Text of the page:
The Cruiserweight Classic has been a complete hit so far. For the last month, the first round of the tournament has been airing, proving to be some of the freshest WWE content in memory.
It has provided a largely fresh lineup of talent from all over the world, performing in matches that highlight a slew of various wrestling styles rarely, if ever seen in the rest of the WWE, and being presented in a new tournament format that puts precedent on the wrestling as a competition rather than the soap opera storyline-driven sports entertainment of Raw or SmackDown.
Laying underneath that though is a core element to the CWC that has shown to be just as pivotal to the product in separating it from everything else WWE, and making it a show which has excelled in quality across all fronts: the commentary of Daniel Bryan and Mauro Ranallo.
Right off the bat, the two-man commentary team makes its comeback after WWE has been doing three-man commentary for years now, beckoning memories to the peak days of Jim Ross and Jerry Lawler being the voices of what was then WWF. The two-man dynamic is superior, adhering to one play-by-play guy and one color commentator, instead of throwing in a third voice.
Since day one of Ranallo’s signing to the WWE earlier this year, his work on commentary has been universally praised. He is a walking encyclopedia of professional wrestling, and his talent was crafted outside of WWE with his extensive work in places like the MMA promotions Pride FC and Strikeforce and his work for Showtime Boxing.
Unlike Michael Cole, Byron Saxton, John Layfield and David Otunga, Ranallo is not a company-bred man, and therefore does not possess a cookie-cutter style which has been attributed to the aforementioned given their training by Vince McMahon and other WWE powers that be essentially since the inception of their commentary work.
As great as Ranallo is, it is actually Bryan who really makes the CWC commentary shine and helps give it that extra edge to push it over. And really, it is perhaps Bryan’s lack of commentary training that helps him succeed.
Bryan is a professional wrestler; he is arguably one of the greatest wrestlers of all time when looking at the entire library of his work, particularly from an in-ring standpoint. But the man has personality, and he has a genuine love for the business, so after he retired from being a professional wrestler earlier this year, many expected him to remain with the business in some form or another. Only a few months later, here we are.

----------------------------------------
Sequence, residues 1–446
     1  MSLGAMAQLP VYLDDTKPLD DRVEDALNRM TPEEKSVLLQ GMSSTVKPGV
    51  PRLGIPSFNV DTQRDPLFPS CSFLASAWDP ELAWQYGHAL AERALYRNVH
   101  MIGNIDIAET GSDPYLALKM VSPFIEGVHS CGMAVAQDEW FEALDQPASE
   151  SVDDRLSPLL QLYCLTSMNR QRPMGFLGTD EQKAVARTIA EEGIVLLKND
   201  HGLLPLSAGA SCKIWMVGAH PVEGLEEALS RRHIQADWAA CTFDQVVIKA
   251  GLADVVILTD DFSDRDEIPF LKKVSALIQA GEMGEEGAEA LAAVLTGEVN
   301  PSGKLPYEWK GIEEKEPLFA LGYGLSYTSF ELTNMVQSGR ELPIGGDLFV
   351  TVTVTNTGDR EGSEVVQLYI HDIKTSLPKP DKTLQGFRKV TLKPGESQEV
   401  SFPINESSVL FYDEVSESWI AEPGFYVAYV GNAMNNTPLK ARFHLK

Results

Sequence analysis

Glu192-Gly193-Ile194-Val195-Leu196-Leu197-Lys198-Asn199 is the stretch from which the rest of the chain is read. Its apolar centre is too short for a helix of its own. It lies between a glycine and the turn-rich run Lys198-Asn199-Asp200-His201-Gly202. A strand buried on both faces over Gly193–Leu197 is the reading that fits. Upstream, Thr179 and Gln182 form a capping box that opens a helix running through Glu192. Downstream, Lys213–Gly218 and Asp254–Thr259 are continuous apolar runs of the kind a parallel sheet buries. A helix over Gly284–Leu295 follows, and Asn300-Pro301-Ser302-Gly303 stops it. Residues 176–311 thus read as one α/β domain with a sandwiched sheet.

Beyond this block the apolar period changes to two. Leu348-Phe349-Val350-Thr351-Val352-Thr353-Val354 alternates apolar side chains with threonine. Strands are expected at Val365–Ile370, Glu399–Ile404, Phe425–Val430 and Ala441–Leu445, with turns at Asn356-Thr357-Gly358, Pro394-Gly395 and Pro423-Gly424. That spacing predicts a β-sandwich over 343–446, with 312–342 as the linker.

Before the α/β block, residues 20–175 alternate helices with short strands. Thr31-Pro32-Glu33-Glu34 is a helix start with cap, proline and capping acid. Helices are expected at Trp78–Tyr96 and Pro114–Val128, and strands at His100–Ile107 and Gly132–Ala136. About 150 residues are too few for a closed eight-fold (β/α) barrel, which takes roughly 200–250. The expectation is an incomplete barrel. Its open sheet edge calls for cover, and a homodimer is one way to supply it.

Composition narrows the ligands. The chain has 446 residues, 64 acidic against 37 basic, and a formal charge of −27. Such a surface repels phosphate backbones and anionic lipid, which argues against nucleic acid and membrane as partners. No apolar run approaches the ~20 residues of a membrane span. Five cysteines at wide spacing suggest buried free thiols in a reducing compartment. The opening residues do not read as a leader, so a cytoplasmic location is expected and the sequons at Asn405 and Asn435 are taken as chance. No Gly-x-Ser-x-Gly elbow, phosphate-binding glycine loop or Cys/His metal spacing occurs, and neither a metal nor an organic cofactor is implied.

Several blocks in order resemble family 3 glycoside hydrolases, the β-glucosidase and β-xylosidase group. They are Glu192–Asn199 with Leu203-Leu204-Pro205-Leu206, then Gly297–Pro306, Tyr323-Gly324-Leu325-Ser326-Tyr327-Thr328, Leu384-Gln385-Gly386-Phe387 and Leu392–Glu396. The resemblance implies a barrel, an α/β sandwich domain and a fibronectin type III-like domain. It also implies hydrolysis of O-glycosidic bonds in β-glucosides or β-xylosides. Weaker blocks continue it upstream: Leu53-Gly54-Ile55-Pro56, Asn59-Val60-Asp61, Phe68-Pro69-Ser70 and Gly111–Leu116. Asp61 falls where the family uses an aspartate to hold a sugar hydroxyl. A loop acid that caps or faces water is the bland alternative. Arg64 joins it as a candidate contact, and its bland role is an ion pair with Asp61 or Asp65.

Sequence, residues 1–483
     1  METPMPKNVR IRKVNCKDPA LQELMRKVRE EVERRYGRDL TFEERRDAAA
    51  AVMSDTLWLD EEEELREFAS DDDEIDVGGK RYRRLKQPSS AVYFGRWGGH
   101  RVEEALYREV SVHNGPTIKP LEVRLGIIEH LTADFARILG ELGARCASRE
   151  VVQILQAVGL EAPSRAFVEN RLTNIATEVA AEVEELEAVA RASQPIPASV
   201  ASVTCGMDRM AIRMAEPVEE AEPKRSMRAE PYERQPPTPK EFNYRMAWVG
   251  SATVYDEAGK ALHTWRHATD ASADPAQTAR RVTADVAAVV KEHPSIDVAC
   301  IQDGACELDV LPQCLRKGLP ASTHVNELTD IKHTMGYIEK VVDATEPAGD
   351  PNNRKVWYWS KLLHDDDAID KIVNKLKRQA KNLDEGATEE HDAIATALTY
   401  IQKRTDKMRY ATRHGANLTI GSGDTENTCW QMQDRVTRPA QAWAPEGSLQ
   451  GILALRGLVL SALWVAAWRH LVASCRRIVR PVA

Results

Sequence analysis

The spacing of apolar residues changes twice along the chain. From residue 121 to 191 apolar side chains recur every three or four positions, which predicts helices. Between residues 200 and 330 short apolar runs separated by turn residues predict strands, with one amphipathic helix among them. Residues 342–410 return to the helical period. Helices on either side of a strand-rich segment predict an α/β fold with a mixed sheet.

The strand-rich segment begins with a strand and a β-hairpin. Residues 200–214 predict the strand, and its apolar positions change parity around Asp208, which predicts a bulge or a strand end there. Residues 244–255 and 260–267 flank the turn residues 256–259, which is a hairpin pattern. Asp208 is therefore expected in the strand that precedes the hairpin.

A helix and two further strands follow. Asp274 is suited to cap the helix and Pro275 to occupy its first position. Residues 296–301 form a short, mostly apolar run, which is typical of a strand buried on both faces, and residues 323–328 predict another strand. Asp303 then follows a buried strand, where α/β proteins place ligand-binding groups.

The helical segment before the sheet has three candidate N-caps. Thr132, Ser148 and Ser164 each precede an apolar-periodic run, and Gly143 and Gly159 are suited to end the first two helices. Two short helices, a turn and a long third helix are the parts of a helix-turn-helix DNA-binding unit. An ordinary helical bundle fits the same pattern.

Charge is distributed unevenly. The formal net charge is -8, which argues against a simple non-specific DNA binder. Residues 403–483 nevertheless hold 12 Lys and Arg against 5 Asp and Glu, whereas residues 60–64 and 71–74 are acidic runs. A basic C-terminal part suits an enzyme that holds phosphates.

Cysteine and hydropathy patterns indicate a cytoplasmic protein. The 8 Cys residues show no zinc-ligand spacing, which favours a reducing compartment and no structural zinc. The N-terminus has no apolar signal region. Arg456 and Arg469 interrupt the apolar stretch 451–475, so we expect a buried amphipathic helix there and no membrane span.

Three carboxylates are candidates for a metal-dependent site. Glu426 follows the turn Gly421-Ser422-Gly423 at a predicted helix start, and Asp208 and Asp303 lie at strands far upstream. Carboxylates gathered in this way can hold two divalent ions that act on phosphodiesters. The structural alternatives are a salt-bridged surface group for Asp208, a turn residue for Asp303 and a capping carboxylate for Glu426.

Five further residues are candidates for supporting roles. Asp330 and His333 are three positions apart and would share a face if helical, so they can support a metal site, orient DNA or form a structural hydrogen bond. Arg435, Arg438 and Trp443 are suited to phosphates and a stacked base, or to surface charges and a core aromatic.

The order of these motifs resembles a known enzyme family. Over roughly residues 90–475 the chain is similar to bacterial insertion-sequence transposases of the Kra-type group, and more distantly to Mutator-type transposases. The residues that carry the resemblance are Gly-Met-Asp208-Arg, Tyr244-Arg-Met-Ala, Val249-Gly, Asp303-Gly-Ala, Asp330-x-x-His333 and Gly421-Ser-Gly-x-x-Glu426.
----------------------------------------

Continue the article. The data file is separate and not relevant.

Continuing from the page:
Listening to Bryan on the CWC product feels like you are listening to a well-educated fan who wants to be watching these matches, rather than a professional who is simply doing his job. Listening to Bryan is absolutely infectious, and that, if anything at all, is what you want professional wrestling commentary to be.
Wrestling personality Eric Bischoff, of all people, highlighted Bryan’s unique contribution as the CWC’s color commentator, saying on his podcast, Bischoff on Wrestling:
“His passion for the industry, for the division, for what he sees going on in the ring, really comes through. It’s natural, it’s organic, it’s not a forced commentary. And what he lacks in polish, he more than makes for in believability, enthusiasm, and passion. I really like Daniel Bryan. He brings such a credibility to the product.”
And it is that unique combination of Bryan having been such an accomplished wrestler, but also one who is completely and fully a fan of professional wrestling as well, on top of having a personality which no one has ever had a bad thing to say about. That combination provides everything he needs, and those things which most commentators only acquire along with their traditional commentary training — a knowledge of the moves and and their purpose as a former wrestler, and understanding their significance and the drama of the match as a fan.
For goodness’ sake, Bryan was giddy with excitement over wrist holds and arm-lock transitions. And again, it comes off completely genuine, effectively pulling in the viewer to appreciate things they may have never cared about before had they watched Raw and SmackDown their whole lives.
After all, the whole point of professional wrestling is rooted in the suspension of disbelief. It is tricking your mind to focus on the fabricated drama in a way that one becomes emotionally invested in the exact same manner that a fantastic film can make a moviegoer cry.
When it comes to accomplishing that, there is no better catalyst for it in the entire WWE company than Bryan with his commentary work on the CWC, and it is truly the under-the-radar element of the whole endeavor that has made the CWC the most entertaining, exciting, and intrguing WWE programming for the last month, by far.